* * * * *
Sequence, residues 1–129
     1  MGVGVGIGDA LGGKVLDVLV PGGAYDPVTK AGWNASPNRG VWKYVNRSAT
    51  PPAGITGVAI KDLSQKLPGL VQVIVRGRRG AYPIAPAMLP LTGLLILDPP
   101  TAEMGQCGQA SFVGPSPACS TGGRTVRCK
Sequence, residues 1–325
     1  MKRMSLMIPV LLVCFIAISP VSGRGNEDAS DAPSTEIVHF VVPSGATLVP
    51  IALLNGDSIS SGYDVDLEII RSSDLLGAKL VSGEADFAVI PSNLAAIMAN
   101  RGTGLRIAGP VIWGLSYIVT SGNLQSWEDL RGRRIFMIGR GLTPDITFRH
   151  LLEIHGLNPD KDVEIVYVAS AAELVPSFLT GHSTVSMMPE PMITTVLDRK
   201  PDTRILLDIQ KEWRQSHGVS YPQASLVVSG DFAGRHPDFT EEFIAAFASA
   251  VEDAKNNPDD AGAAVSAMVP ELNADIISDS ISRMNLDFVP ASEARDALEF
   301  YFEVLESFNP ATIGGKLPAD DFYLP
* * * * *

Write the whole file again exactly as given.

Sequence, residues 1–129
     1  MGVGVGIGDA LGGKVLDVLV PGGAYDPVTK AGWNASPNRG VWKYVNRSAT
    51  PPAGITGVAI KDLSQKLPGL VQVIVRGRRG AYPIAPAMLP LTGLLILDPP
   101  TAEMGQCGQA SFVGPSPACS TGGRTVRCK
Sequence, residues 1–325
     1  MKRMSLMIPV LLVCFIAISP VSGRGNEDAS DAPSTEIVHF VVPSGATLVP
    51  IALLNGDSIS SGYDVDLEII RSSDLLGAKL VSGEADFAVI PSNLAAIMAN
   101  RGTGLRIAGP VIWGLSYIVT SGNLQSWEDL RGRRIFMIGR GLTPDITFRH
   151  LLEIHGLNPD KDVEIVYVAS AAELVPSFLT GHSTVSMMPE PMITTVLDRK
   201  PDTRILLDIQ KEWRQSHGVS YPQASLVVSG DFAGRHPDFT EEFIAAFASA
   251  VEDAKNNPDD AGAAVSAMVP ELNADIISDS ISRMNLDFVP ASEARDALEF
   301  YFEVLESFNP ATIGGKLPAD DFYLP